How do you solve #x^4 + 2x + 2 = 0#?

1 Answer
Aug 11, 2016

Answer:

See explanation for an exploration of solving this quartic algebraically...

Explanation:

#f(x) = x^4+2x+2#

Looks quite simple, does it not?

Solving quartics algebraically can get rather messy, even for an example as simple as this, but let's give it a try...

Since #f(x)# is monic and has no cubic term, it can be factored as a product of monic quadratics with opposite middle coefficients:

#x^4+2x+2#

#=(x^2-ax+b)(x^2+ax+c)#

#=x^4+(b+c-a^2)x^2+(b-c)ax+bc#

Equating coefficients and rearranging a little we have:

#{ (b+c = a^2), (b-c=2/a), (bc=2) :}#

Hence we find:

#(a^2)^2 = (b+c)^2 = (b-c)^2+4bc = 4/((a^2))+8#

Multiplying both ends by #(a^2)# and rearranging slightly, we get a cubic in #(a^2)#:

#(a^2)^3-8(a^2)-4 = 0#

This cubic has #3# Real zeros, so if you try to solve it using Cardano's method you get solutions involving irreducible cube roots of Complex numbers (casus irreducibilis).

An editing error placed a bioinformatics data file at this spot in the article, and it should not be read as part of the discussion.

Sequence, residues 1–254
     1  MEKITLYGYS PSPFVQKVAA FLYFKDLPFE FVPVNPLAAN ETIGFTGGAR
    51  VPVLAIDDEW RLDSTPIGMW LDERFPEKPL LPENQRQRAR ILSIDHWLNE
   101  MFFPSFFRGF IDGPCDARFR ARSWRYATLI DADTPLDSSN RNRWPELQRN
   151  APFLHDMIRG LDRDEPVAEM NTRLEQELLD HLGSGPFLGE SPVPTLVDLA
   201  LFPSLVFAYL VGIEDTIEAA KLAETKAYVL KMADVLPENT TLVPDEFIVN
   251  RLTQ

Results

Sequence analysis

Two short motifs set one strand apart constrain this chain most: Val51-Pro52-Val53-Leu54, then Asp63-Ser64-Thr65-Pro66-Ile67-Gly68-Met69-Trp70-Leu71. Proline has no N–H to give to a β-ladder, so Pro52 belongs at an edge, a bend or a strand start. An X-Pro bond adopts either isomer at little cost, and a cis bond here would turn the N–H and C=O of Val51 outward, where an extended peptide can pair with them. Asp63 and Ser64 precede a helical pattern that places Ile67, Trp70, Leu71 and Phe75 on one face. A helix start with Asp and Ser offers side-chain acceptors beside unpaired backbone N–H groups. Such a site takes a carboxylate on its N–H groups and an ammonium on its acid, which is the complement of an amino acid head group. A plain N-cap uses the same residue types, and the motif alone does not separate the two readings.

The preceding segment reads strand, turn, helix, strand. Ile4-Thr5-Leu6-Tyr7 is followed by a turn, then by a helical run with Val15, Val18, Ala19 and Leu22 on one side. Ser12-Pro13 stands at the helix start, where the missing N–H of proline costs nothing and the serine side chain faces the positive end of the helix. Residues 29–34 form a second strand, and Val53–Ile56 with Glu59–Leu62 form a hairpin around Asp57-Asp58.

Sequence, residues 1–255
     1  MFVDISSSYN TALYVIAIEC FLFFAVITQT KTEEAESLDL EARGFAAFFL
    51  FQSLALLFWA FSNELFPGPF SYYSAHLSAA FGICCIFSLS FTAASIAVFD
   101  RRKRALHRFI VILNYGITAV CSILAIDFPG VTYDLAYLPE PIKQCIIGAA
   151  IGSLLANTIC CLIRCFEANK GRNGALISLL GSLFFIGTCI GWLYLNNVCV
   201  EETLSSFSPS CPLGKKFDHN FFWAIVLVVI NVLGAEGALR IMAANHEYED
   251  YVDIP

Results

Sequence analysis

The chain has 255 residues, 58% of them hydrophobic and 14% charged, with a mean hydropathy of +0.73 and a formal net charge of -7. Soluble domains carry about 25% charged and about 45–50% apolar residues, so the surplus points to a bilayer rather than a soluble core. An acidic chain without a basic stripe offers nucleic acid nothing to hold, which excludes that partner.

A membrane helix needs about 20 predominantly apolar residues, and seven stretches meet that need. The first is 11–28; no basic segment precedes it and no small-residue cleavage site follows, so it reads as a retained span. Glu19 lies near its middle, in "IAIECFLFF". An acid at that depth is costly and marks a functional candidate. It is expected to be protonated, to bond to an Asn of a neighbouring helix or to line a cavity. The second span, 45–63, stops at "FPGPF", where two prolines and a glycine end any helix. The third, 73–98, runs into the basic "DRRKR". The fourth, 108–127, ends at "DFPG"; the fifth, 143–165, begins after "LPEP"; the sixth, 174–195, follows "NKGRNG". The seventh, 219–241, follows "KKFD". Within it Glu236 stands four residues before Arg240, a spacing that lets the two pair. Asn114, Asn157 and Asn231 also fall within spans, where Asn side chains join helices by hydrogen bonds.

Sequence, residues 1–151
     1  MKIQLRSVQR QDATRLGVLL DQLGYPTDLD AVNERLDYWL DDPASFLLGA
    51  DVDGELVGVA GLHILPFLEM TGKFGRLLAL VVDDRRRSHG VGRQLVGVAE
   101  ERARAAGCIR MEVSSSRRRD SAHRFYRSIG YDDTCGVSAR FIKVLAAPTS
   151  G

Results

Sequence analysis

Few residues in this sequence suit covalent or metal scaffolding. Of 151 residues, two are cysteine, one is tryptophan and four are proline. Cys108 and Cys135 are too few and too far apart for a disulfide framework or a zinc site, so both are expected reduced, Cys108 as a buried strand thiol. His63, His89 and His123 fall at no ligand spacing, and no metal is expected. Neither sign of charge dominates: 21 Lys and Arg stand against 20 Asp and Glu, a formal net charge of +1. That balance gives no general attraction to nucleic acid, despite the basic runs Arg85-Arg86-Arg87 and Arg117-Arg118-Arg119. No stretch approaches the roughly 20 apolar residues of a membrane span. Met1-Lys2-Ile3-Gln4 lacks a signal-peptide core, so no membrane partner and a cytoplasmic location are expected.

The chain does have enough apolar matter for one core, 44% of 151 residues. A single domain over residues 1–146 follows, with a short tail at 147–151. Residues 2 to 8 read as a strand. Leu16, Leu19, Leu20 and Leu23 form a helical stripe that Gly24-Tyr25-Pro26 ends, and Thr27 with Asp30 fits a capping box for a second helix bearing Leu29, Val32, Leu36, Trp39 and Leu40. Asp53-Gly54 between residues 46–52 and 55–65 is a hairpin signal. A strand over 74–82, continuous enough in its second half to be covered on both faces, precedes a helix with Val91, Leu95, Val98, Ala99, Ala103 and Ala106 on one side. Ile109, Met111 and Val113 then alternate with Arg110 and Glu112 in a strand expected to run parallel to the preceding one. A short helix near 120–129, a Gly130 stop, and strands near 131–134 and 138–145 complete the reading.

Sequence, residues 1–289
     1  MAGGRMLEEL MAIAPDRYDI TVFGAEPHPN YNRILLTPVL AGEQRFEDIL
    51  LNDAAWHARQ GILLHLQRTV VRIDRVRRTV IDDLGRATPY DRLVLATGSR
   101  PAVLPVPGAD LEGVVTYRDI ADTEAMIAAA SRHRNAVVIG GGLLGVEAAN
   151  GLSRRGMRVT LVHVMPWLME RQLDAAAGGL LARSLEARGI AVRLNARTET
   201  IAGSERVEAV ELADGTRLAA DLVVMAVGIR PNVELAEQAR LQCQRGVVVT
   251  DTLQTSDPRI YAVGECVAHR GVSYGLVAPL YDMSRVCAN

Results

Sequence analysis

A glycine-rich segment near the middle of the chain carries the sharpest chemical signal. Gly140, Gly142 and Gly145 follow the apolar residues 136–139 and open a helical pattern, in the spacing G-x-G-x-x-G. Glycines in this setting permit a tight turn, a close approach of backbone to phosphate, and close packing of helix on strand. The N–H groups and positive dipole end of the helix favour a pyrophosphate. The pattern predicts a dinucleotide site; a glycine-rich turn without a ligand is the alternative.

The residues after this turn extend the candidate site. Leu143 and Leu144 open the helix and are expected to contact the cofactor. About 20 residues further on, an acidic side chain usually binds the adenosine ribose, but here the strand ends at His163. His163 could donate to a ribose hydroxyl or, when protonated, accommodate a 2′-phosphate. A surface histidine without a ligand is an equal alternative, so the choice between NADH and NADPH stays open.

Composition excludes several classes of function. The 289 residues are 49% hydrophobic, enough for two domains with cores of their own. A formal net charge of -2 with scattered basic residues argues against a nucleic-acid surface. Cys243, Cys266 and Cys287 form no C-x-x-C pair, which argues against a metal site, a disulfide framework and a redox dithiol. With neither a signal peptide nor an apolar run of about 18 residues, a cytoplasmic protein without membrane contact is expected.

I will address this cubic in a separate question (see https://socratic.org/s/awX2qsH7), but suffice it to say that we are interested in the positive root (which I will call #r_3# here):

#r_3 = 4/3 sqrt(6) cos(1/3 cos^(-1)(3/16 sqrt(6))) ~~ 3.05#

Let #a=sqrt(r_3)#

Then:

#b=1/2(a^2+2/a) = r_3/2+1/sqrt(r_3)#

#c=1/2(a^2-2/a) = r_3/2-1/sqrt(r_3)#

That leaves us with two quadratics to solve:

#x^2-sqrt(r_3)x+(r_3/2+1/sqrt(r_3)) = 0#

#x^2+sqrt(r_3)x+(r_3/2-1/sqrt(r_3)) = 0#

Using the quadratic formula, we find roots:

#x_(1,2) = (sqrt(r_3)+-sqrt(r_3-4(r_3/2+1/sqrt(r_3))))/2#

#= (sqrt(r_3)+-sqrt(r_3-2r_3-4/sqrt(r_3)))/2#

#=1/2(sqrt(r_3)+-(sqrt(r_3+4/sqrt(r_3)))i)#

#color(white)()#

#x_(3,4) = (-sqrt(r_3)+-sqrt(r_3-4(r_3/2-1/sqrt(r_3))))/2#

#= (-sqrt(r_3)+-sqrt(r_3-2r_3+4/sqrt(r_3)))/2#

#=1/2(-sqrt(r_3)+-(sqrt(r_3-4/sqrt(r_3)))i)#